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US indicts alleged Chinese spies for hacking aerospace companies

The DOJ described five years of stealing turbofan engine designs that relied on insiders, state-sponsored hackers, phishing and malware.

The US has indicted two Chinese intelligence officers, six Chinese nationals who are allegedly paid hacker lackeys, and two alleged aerospace insiders in a conspiracy to steal turbofan engine technology used in commercial airliners from US and French companies.
The Department of Justice (DOJ) announced the indictment on Tuesday.
The unsealed indictment, dated 25 October, says that for more than five years – between January 2010 and May 2015 – two Chinese Ministry of State Security (MSS) spies headed up a team of hackers focused on stealing designs for the turbofan engine, as well as stealing intellectual property and confidential business information.
The engine was being developed by a French aerospace company that has an office in Suzhou, Jiangsu province, China, alongside a US-based company. The US alleges a vast conspiracy carried out by the MSS via the Jiangsu Province Ministry of State Security (JSSD): one of its provincial foreign intelligence arms.
The JSSD allegedly recruited insiders to hack the French aerospace company, as well as conducting cyber-raids on other US companies in the same industry that are based in Arizona, Massachusetts and Oregon, as well as UK companies with presences in the US.

The DOJ says that JSSD recruited two Chinese nationals, Tian Xi and Gu Gen. Gu was high up and in deep at the French company: he was, in fact, its IT infrastructure and security manager. Tian was a product manager at the same company.
In January 2014, Tian allegedly infected one of the French company’s computers with the remote access trojan (RAT) Sakula.
The Sakula RAT used against the French aerospace company was allegedly supplied by a JSSD officer. A month later, Gu gave the conspirators a heads-up when foreign law enforcement notified the company of the existence of malware on company systems.
That same day, leveraging that tip-off, one of the JSSD intelligence officers, Chai Meng, and one of the agency’s hackers, Liu Chunliang, allegedly tried to cover the JSSD’s tracks by deleting the domain linking the malware to an account controlled by the conspirators.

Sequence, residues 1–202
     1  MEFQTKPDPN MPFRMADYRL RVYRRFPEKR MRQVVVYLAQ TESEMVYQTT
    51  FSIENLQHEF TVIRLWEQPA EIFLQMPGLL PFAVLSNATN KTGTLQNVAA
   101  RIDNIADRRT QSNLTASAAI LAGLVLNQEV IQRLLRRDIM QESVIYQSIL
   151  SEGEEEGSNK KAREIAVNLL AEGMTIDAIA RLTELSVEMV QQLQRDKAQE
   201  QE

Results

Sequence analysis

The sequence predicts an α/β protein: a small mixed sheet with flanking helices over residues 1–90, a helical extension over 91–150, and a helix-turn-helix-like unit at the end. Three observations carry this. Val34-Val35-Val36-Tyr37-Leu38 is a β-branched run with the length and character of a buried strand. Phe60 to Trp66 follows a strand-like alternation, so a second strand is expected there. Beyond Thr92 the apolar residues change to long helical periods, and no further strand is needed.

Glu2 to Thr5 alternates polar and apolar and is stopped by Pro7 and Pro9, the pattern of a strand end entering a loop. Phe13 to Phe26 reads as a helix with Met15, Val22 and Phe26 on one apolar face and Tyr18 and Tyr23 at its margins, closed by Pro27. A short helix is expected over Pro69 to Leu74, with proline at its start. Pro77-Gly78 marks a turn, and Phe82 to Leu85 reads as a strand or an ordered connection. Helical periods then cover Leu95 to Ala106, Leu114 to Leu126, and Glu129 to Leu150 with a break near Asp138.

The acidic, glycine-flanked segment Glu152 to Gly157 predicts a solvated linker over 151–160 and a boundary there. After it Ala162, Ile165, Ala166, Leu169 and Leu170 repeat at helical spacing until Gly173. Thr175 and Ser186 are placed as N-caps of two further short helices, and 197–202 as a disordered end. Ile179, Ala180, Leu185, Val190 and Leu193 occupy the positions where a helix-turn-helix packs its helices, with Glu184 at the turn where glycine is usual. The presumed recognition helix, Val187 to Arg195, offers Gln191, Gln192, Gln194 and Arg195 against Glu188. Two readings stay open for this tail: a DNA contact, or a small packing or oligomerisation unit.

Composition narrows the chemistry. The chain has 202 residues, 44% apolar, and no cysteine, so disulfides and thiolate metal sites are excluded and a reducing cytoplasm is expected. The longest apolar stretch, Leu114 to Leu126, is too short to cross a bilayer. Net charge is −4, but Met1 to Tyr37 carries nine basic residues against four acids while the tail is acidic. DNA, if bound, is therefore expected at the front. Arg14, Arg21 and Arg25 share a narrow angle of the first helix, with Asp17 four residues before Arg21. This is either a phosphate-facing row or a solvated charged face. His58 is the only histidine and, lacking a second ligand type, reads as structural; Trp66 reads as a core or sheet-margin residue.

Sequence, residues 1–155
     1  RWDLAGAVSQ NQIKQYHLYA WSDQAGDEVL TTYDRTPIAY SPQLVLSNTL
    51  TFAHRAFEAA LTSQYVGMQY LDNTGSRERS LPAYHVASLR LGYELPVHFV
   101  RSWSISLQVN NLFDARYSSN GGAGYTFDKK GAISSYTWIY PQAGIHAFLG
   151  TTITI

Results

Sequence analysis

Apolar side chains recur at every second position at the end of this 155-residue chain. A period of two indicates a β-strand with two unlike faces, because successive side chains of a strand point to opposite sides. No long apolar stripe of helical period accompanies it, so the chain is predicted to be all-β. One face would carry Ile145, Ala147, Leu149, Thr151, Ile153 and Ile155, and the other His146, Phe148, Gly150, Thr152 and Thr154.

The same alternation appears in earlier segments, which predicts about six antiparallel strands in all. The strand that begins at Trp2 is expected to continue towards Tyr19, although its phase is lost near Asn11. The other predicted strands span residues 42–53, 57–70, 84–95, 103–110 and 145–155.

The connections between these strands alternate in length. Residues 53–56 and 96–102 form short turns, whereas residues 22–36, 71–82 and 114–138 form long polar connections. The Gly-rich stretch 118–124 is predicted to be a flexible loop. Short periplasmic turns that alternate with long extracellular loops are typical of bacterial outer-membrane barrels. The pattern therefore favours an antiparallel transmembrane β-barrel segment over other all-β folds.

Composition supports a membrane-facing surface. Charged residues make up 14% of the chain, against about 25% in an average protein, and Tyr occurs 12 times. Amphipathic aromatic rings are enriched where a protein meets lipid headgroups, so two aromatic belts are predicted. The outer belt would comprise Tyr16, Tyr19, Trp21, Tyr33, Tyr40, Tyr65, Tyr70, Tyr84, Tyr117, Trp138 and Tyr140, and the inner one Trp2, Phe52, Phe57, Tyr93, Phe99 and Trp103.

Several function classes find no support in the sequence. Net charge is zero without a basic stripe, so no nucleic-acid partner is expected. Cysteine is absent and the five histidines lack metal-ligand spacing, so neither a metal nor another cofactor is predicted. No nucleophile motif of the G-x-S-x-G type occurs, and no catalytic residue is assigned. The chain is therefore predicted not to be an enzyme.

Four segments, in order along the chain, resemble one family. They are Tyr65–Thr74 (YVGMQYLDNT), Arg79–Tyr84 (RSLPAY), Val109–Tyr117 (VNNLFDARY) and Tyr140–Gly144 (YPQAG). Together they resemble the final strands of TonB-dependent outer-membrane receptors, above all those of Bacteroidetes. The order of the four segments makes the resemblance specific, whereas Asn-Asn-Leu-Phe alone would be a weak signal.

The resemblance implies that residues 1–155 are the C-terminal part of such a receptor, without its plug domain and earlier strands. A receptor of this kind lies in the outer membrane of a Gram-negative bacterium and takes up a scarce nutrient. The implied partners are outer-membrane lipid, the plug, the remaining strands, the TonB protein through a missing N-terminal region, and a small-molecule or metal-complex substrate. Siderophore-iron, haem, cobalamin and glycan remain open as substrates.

At the same time that the conspirators were allegedly stealing intellectual property, a Chinese state-owned aerospace company was working on developing its own engine for commercial aircraft manufactured in China and elsewhere, the DOJ says.
The indictment, in the Southern District of California, says that the JSSD’s intelligence officers and hackers masterminded a series of intrusions in order to steal non-public commercial and other data. Their techniques included spear phishing, sowing multiple different strains of malware into company computer systems, using the victim companies’ own websites as watering holes to compromise website visitors’ computers, and domain hijacking through the compromise of domain registrars.
The first company to be victimized was Capstone Turbine, a Los Angeles-based gas turbine manufacturer. It was first infiltrated in January 2010, with the conspirators allegedly stealing data and turning the company’s website into a watering hole – in other words, planting malware that would infect the computers of site visitors.
The hacking continued through at least May 2015, when an unnamed, Oregon-based aerospace company identified malware and scrubbed it from its computer systems.
Two of the defendants – Zhang Zhang-Gui and Li Xiao, allegedly members of the JSSD’s hacking team – are also being charged in a separate conspiracy that involved attacking an unnamed, San Diego-based technology company “for their own criminal ends.”
According to the US, Zhang-Gui shared malware variants with his friend, Li Xiao, that were based on the same malware supplied by the JSSD and used on Capstone Turbine. The attack on the San Diego company went on for more than one and a half years, with repeated intrusions causing thousands of dollars of damage to its computers, the indictment says.
The latest indictment is only one of a string of such, the DOJ noted., and we’re not at the end of it yet. John C. Demers, Assistant Attorney General for National Security, said in the DOJ’s announcement that this is the third time since only September that the National Security Division and US attorneys have brought charges against Chinese intelligence officers from the JSSD and those working for them as they steal US intellectual property. Stand by, he said – at the rate this is going, there’ll likely be plenty more in store:

This is just the beginning. Together with our federal partners, we will redouble our efforts to safeguard America’s ingenuity and investment.

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